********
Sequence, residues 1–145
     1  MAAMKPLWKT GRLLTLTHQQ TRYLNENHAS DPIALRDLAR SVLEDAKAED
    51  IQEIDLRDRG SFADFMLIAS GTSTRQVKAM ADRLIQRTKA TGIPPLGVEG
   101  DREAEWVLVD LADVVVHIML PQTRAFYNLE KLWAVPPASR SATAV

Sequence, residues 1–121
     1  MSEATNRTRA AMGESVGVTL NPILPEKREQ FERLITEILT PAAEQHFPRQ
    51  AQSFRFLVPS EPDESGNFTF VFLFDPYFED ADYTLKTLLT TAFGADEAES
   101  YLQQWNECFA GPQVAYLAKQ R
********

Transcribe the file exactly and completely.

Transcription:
Sequence, residues 1–145
     1  MAAMKPLWKT GRLLTLTHQQ TRYLNENHAS DPIALRDLAR SVLEDAKAED
    51  IQEIDLRDRG SFADFMLIAS GTSTRQVKAM ADRLIQRTKA TGIPPLGVEG
   101  DREAEWVLVD LADVVVHIML PQTRAFYNLE KLWAVPPASR SATAV

Sequence, residues 1–121
     1  MSEATNRTRA AMGESVGVTL NPILPEKREQ FERLITEILT PAAEQHFPRQ
    51  AQSFRFLVPS EPDESGNFTF VFLFDPYFED ADYTLKTLLT TAFGADEAES
   101  YLQQWNECFA GPQVAYLAKQ R